Tempe’s conscience, criminal defense lawyer Matt Brown, found a fascinating post by United States District Judge Richard Kopf at his Hercules and the Umpire blog. Despite his occasional bloggy naiveté, Judge Kopf is generally frank, funny and transparent, sometimes to the point of awkwardness.
But the post Matt found, a response to a comment by another federal judge, Mark W. Bennett, was disturbing. Judge Bennett, who has been at the forefront of challenging the federal reaction to drug conspiracies that has failed miserably to win the War on Drugs while wreaking havoc with our poor and minorities, was implicitly called “foolish” by Judge Kopf for not embracing the view that drug crimes are inherently violent crimes. It was an aside to a post about the success of a cooperator who, post-sentence, got his life together.
Additionally, Ben’s success is a strong antidote to the corrosive cynicism that constantly threatens to creep into my soul as I sentence people for what the foolish call “non-violent drug crimes.”
After the poke, Judge Kopf wrote to explain why drug crimes are violent in a post entitled, No more bullshit: In the federal courts, there is no such thing as a “non-violent drug crime.” (I told you it was occasionally awkward.)
The drug crimes prosecuted in the federal courts are always violent, and I mean that literally. When you distribute a substance that you know is poison to another person that is a violent act. Period. End of story. Moreover, the connection between guns and drugs is beyond dispute. Not every purveyor of drugs uses or carries a gun, but the world where they operate organizes around one thing and one thing only, guns. Still further, whole neighborhoods that were once rich, vibrant and nurturing are now literal war zones because of drugs. In large swaths of America, functional families are no more because of drugs. Like global warming, these are inconvenient truths.
Matt parses this paragraph line by line, noting in particular the near-total absence of foundation for grand assertions, relying instead of judicial fiat. As he puts it,
It’s really the manner of his argument that’s most fascinating in the end. I’m just a lowly defense attorney, so it’s tough to make a point without the luxury of words like “period,” “end of story,” and “beyond dispute” automatically having weight. Even trying results in disaster. Trust me. Being a judge must be great, though.
Yes, it’s great to be a judge, being able to pound a gavel and assert with certainty that something is because you said so. No, lawyers can’t get away with such arguments, unless they happen to comport with the judge’s bias, in which case “obvious” and “clear” is, indeed, obvious and clear.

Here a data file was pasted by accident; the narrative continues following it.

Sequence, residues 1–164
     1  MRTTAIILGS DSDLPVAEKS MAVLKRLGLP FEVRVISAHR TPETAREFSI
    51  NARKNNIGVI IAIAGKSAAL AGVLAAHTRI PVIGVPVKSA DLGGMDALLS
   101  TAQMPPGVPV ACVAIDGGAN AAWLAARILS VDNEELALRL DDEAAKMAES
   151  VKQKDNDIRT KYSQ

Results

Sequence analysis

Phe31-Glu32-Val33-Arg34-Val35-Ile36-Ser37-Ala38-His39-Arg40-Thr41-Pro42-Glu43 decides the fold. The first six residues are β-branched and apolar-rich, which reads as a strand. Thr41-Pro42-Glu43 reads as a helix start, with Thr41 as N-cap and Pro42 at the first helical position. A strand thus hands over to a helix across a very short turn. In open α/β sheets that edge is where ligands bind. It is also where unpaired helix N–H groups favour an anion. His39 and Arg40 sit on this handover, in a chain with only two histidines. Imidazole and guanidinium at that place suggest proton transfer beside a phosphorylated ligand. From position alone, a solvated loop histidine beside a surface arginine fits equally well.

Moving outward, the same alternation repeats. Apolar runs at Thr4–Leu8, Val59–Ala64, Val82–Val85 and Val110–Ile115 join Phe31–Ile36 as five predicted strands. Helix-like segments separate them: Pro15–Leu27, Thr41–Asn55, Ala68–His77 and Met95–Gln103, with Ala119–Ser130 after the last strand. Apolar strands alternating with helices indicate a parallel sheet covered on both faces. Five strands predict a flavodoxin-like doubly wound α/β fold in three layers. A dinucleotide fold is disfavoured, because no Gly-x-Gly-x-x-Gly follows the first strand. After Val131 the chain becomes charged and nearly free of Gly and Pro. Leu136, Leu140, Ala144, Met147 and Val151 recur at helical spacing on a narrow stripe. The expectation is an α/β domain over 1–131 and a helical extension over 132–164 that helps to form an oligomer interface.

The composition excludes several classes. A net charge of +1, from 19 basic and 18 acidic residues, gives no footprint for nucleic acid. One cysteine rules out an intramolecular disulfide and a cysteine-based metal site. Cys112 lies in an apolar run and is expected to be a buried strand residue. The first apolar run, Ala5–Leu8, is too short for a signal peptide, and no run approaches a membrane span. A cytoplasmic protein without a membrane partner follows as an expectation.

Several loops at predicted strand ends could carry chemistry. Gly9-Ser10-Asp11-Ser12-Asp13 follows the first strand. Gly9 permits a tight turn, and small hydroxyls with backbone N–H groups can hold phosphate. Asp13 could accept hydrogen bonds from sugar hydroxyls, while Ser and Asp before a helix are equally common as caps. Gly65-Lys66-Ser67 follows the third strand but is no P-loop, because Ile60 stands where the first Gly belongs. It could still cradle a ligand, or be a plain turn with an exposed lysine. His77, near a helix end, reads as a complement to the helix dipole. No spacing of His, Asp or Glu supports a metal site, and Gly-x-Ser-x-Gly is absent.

But since Judge Kopf broke the language barrier of the courtroom, I will follow his lead: No more bullshit. This is nonsense.
On a superficial level, it’s rather shocking that Judge Kopf offers such a facile assertion. There are issues about whether any of his claims, literally, bear up to scrutiny. Alcohol was a violent crime during the hiatus when it was illegal. Al Capone ran booze, and he did it with guns. Today, alcohol is a respectable industry. So was alcohol the problem or making it illegal the problem?
Even today, alcohol is “violent” as people die at the hands of the drunk driver. Alcohol is violent as families are destroyed by alcoholism. But we don’t blame alcohol. When someone drives drunk, we blame the driver. When a family is destroyed, we call it an illness in need of a cure. What we don’t call it is violent.
And if you think the example of alcohol too trite, what about gambling? Of course, it’s now run by the government, though not nearly as well as it was run by the uptown numbers guys before.
On a deeper level, however, the wild, generic conclusions about violent drug crimes defy every precept of individualized consideration of crime. While zealots tend to prefer ignoring the details in favor of sweeping generalizations, judges aren’t supposed to be zealots, but neutral magistrates. Perceptions of crimes aren’t macrocosmic, but microcosmic; each individual comes before a court guilty or not of what he, individually, does.
Having some experience with individuals charged with drug crimes, I can state with certainty that some engaged in, or were prepared to engage in, violence to keep their turf and silence any threat to their business. But I can also state with certainty that some refused to go anywhere near violence. Some sold heroin to children, but some sold cocaine to Wall Street bonus babies looking for a good time on a Friday night.
Many years ago, it occurred to me that a particular guy would have been an executive vice president at IBM if only his skin color was different and he had been educated in a school that didn’t start with a “P.S.” He was a terrific businessman, and ran a safe, quiet and highly profitable business. He protected his neighborhood, kept the peace, and was charitable and helpful to others. He sold drugs.
No, not all drug dealers were that way. But not all drug dealers were Tony Montana either. And that’s the point. To maintain the image of some inherently violent culture that pervades each and every participant, literally, is to buy into a load of bullshit. And it is not beyond the pale to expect our judges to realize this rather than to embrace the hard-line fallacy of pervasive violence.
This isn’t to say that judges can’t believe that all drug crimes are crimes of violence, and simultaneously believe that our sentencing regimen remains outrageously harsh, or still recognize that a particular defendant’s conduct makes him less culpable than others. But when there remains a sub rosa bias of violence based on such absurdly broad and generic assumptions, wrong assumptions, then it must come to the surface and be addressed. No more bullshit. It’s just not true.